Grooving to the old and new

Review Concert

PESTA RAYA - MALAY FESTIVAL OF ARTS: JOGJA HIP HOP FOUNDATION

Esplanade Concert Hall/Last Saturday

Mixing age-old music and literature with a contemporary and urban music genre such as hip-hop can be a tricky affair.

It takes balance and the right mix of care and consideration for the traditional arts as well as an acute understanding of how the more modern genre works.

Indonesian rap collective Jogja Hip Hop Foundation, one of the headliners of the Esplanade's Malay arts fest Pesta Raya this year, is one music act that knows how it is done properly.

In the wrong hands, merging classical instrumentations such as the gamelan with spitfire rap verses and anthemic choruses - in their native Javanese tongue, no less - might sound gimmicky.

But the quintet - Kill the DJ, M2MX, Balance, Ki Ageng Gantas and Radjapati - consistently pulled the feat off with class. Whether you understand the language or not, the verses ebbed and flowed, carried along by the guttural bass lines, bouncy beats and trance-like gamelan samples courtesy of the group's female DJ, Vanda.

Fiercely proud of the city of Yogyakarta as well as their Javanese roots, the anthemic Jogja Istimewa, for example, is a love letter to their home city, with a military march intro and infectious earworm of a chorus.

Dressed in batik shirts and baggy pants, the group did not rap exclusively in Javanese though. On Song Of Sabdatama, another ode to their city, the verses were split between three languages.

"We are from Jogja/The heart of Java/ Our rhyme is mantra/Flows down like lava" goes the English refrain, after which they took turns rapping in Bahasa Indonesia and Javanese for the rest of the tune.

They brought musical reinforcements in the form of Soimah Pancawati - part traditional singer, part jester, part one-woman hype machine. Dressed in a red kebaya and batik combo, the songbird was just as adept at holding down the melodic lines as she was in dropping rap verses while doing both classical and goofy dance moves.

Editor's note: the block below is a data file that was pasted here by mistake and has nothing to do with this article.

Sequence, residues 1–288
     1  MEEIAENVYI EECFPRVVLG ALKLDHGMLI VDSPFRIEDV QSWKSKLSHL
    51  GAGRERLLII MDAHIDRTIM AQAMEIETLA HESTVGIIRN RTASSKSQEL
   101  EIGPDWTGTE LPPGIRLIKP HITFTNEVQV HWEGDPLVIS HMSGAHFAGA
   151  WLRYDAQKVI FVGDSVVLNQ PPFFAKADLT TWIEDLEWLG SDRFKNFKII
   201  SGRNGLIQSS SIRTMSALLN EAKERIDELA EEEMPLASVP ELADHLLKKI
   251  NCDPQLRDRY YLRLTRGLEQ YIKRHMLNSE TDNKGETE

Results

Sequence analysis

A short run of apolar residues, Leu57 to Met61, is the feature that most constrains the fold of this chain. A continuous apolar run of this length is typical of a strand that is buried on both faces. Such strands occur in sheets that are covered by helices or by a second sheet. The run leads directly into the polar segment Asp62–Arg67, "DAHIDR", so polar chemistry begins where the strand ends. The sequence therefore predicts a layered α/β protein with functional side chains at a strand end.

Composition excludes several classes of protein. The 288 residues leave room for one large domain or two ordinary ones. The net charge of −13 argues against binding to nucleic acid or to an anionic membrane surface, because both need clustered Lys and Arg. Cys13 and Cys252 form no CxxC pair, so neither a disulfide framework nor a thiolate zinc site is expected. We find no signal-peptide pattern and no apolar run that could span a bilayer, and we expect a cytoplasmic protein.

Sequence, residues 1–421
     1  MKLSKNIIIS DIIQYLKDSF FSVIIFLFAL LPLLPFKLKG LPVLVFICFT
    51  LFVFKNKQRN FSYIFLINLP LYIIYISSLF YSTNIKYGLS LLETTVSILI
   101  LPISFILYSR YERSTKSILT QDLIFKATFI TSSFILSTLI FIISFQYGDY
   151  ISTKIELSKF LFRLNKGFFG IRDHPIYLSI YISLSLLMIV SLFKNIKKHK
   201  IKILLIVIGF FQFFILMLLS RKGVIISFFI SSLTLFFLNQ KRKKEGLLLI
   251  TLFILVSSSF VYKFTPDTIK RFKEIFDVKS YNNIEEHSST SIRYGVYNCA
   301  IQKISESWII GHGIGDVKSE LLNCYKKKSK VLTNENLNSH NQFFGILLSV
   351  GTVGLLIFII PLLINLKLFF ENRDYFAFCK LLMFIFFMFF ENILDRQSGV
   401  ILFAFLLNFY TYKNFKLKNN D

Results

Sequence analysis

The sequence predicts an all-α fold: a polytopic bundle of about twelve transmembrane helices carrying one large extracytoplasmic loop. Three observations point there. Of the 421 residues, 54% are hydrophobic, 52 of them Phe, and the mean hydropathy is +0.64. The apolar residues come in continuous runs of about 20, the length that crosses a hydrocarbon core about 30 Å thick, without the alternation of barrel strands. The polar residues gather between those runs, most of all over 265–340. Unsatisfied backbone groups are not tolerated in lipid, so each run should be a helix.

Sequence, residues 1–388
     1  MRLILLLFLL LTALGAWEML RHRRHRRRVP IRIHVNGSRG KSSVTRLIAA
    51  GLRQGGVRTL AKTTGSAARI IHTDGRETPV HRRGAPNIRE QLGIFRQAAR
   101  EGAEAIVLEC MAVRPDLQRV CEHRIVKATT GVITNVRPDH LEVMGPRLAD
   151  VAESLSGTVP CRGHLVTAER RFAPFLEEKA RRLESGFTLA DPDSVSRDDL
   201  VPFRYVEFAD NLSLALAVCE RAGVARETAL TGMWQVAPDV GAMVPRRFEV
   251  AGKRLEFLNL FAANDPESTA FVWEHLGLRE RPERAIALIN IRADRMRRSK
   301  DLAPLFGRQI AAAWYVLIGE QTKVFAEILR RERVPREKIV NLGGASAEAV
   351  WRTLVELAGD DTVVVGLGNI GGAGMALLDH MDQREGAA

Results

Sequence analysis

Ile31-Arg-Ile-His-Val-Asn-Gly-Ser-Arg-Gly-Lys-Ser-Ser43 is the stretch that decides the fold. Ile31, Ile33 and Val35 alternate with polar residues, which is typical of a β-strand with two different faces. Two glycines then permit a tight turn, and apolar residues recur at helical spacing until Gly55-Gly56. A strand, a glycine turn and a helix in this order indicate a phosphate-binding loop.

Their second show in Singapore - they performed at the Esplanade's outdoor theatre in the 2009 edition of Pesta Raya, the group also premiered two new collaborations with opening act and home-grown Malay rappers Mawar Berduri and Suratkhabar Lama, made of former members from popular hip-hop outfit Ahli Fiqir.

Both songs, Gurindam 12 Raja Ali Haji and Dendang Melayu, the riotous encore, reference the works of 19th-century historian Raja Ali Haji.

The mostly teenage and young adult audience were enthusiastic and vocal throughout the 100-minute show. A pity then that the ushers stopped a few of them from going up on stage despite being invited to sing by the members of Jogja Hip Hop Foundation themselves.

Classy performers that they were, the quintet then proceeded to get off the stage to join their audience on the ground and got them to sing along to the addictive Cintamu Sepahit Topi Miring. Perhaps the Esplanade can consider making exceptions to strict rules about fans going up on stage, especially for performers such as Jogja Hip Hop Foundation who thrive on audience participation.

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